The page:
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The transform coefficients can be positioned at the same place in the lattice as the original pixels resulting in the

same division of the space

as in the original image.

Such a set of transforms produces a new set of coefficients

that also belong to the original space

. If a new set

of unitary orthogonal transforms is applied along a different direction, the same equations hold again. Therefore, orthog- onality holds for any particular direction and for any series

of directions chosen.

Since orthogonality holds in any particular direction, a frame built from several directions is tight. The frame can be separated into two parts containing scaling and wavelet bases. Now, we can write:


. For multiple directions, this sepa-

ration principle allows us to write:

as it was proved above. Therefore, such a frame is tight regardless of the number of directions.

Since iteration is possible to be done on any sub-band channel, orthogonality and tightness hold for any step of iteration. Thus, they hold for the whole transform including all steps of iteration.


Application of the described method is possible in many ar- eas of image processing where the standard wavelet trans- form is applied. Below, applications in non-linear approxi- mation and denoising are presented.

5.1. Non-linear approximation

The number of significant coefficients produced by a hori- zontal and vertical transform depends on dominant orienta- tion of objects in an image. If this direction is not matched with either the horizontal or vertical direction the number will increase. On the other hand, if some other directional transforms are applied on the channels, the number of sig- nificant coefficients related to those objects may decrease.

This property is exploited in non-linear approximation, where a fixed number of the largest coefficients is kept (the vectors that approximates the signal are adaptive and there- fore the approximation is non-linear). A new decomposition tree is being compared to a standard one. The first is shown in Figure 3a) and the latter in Figure 3b). The quality of the reconstructed images in both cases are compared and the result of the comparison is expressed in terms of the PSNR

factor. Figure 4b) shows the result of approximation of the image shown in Figure 4a), which is a synthetic randomly generated image that contains lines with different orienta- tions. These results indicate that the new method can be attractive in non-linear approximation.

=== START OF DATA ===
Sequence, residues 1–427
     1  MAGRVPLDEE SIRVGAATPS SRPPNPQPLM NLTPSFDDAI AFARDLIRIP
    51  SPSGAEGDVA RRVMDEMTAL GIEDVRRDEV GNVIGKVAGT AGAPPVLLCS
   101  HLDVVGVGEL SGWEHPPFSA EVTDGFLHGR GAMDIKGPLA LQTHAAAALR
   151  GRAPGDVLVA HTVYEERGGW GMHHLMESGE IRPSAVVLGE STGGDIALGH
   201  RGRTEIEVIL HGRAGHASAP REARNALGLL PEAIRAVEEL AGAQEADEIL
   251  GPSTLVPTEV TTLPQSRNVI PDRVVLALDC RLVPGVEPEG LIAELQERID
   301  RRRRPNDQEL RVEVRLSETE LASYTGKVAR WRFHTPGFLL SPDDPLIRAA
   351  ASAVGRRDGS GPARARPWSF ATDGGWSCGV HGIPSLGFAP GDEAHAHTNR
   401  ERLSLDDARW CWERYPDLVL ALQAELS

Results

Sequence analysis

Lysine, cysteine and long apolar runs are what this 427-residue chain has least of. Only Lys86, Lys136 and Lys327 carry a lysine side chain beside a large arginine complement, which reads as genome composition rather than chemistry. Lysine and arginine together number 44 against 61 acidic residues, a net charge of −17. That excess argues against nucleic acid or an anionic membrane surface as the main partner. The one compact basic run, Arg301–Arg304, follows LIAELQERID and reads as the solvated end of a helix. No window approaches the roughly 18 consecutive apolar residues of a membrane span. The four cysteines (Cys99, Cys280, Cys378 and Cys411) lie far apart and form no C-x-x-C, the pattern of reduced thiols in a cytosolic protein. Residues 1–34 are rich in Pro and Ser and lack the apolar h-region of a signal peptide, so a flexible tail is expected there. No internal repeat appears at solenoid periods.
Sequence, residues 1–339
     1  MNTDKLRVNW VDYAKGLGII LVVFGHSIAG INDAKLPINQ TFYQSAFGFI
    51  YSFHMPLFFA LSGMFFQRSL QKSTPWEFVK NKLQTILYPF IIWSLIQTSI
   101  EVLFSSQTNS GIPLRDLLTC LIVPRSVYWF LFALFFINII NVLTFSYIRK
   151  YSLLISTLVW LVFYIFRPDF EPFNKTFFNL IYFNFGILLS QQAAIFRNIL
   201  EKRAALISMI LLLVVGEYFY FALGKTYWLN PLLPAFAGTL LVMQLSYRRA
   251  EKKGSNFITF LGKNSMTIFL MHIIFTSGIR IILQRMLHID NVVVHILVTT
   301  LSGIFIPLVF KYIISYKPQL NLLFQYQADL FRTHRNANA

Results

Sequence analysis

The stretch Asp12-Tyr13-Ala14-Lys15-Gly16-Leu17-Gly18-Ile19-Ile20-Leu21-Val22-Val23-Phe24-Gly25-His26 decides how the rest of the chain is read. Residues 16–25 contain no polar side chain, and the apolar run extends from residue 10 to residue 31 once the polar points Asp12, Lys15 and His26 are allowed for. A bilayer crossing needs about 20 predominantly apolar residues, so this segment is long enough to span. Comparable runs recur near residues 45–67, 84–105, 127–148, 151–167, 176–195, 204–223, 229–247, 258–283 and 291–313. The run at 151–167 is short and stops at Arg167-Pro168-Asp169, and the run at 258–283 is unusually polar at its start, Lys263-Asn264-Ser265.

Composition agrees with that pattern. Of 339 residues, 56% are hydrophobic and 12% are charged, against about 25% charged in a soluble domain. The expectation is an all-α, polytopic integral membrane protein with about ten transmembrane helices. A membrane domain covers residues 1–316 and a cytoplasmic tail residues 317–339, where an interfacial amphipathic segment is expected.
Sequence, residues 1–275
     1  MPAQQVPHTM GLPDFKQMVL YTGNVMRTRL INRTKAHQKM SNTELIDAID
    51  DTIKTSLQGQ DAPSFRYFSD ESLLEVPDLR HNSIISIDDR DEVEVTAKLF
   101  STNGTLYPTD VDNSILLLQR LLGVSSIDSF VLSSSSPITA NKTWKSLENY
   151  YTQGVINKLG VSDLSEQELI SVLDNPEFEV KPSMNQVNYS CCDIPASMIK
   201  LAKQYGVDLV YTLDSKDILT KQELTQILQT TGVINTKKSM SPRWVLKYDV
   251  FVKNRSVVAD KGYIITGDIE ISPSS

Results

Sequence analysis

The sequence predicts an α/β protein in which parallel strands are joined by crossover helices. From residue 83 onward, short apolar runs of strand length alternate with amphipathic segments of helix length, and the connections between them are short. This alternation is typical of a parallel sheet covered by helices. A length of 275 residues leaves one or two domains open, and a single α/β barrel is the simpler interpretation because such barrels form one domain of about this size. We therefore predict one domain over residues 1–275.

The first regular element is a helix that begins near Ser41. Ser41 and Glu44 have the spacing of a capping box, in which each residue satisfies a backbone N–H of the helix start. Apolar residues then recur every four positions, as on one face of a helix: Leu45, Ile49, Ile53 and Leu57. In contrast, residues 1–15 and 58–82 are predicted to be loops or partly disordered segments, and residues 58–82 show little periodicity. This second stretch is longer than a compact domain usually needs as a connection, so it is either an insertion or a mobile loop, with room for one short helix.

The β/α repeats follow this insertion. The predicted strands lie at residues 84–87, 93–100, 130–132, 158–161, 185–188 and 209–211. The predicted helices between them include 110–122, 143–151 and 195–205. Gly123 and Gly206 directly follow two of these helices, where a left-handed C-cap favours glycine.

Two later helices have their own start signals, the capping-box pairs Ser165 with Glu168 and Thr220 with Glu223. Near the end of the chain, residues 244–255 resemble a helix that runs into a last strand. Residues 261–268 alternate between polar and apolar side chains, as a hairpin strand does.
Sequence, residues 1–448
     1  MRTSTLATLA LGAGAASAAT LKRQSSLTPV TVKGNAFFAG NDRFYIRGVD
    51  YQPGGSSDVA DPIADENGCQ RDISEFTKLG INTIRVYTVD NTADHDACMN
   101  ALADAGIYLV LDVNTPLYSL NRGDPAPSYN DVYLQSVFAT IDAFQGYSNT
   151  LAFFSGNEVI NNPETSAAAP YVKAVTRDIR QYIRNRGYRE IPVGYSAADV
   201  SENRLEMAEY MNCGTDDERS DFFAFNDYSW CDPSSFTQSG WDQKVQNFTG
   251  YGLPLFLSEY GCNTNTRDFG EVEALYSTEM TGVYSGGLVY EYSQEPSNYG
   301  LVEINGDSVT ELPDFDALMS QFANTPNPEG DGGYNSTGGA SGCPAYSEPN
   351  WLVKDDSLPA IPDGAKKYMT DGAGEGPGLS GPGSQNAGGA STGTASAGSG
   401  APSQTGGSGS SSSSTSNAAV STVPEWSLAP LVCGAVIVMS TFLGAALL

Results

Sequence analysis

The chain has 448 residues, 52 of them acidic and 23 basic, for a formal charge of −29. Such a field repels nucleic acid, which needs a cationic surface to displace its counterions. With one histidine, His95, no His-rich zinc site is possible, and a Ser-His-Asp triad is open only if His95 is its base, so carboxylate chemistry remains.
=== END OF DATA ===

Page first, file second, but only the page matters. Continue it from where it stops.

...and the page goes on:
5.2. Denoising

The standard denoising process is usually done by thresh- olding of coefficients obtained by a transform along hori- zontal and vertical direction. Some difficulties may appear since visibility of objects in an image depends on their ori- entations.

Also, one-dimensional denoising of an image is not able to catch most of the two-dimensional interdependencies pre- sent in images. This is the reason why independent de- noising in only two directions (line-by-line, or column-by- column) of an image does not necessarily give the best re- sult.

However, such an approach has the main advantage of simplicity. In trying to retain this simplicity, but still mak- ing a method that better exploits the two-dimensional char- acteristics of an image, we introduce multiple directional denoising. An image is processed by taking sets of pixels in different orientations and denoising them by hard thresh- olding [6] of wavelet coefficients. The result is compared to the result of a standard method where horizontal and ver- tical wavelet decomposition was done in several levels and the coefficients were hard thresholded as well.

Figure 5 shows an example of denoising of the image ’Cameraman’. The original image is affected by additive Gaussian noise and both methods were applied. The depen- dence of the performance of the denoising on the number of directions in the analysis is shown in the Figure 6a). The comparison between the new and the standard method is shown in the Figure 6b). The new method strongly outper- forms the standard one.


The standard method of the wavelet decomposition of im- ages using separable bases involves only two directions of analysis. Our new method goes beyond this limitation and calculates separable wavelet transform along sets of differ- ent directions. Such an approach takes into account two- dimensional interdependencies among image pixels better than the standard method. Simplicity and low computa- tional complexity are still maintained. Application of the new method is possible in various areas of image process- ing. Outperforming results are shown in non-linear approx- imation and denoising.

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